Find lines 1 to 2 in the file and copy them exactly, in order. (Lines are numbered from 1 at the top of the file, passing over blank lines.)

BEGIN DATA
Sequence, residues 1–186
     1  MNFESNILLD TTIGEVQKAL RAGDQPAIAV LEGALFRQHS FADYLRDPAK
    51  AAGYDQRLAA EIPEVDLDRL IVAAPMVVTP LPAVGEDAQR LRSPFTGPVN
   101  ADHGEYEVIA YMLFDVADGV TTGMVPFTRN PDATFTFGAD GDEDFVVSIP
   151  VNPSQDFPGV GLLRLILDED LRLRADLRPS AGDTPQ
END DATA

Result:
Sequence, residues 1–186
     1  MNFESNILLD TTIGEVQKAL RAGDQPAIAV LEGALFRQHS FADYLRDPAK